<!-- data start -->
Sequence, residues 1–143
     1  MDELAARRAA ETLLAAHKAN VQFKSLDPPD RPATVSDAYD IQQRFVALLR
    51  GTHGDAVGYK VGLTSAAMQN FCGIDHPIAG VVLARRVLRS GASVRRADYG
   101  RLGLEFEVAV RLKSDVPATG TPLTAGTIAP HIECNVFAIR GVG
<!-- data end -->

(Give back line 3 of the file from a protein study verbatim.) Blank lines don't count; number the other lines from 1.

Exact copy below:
    51  GTHGDAVGYK VGLTSAAMQN FCGIDHPIAG VVLARRVLRS GASVRRADYG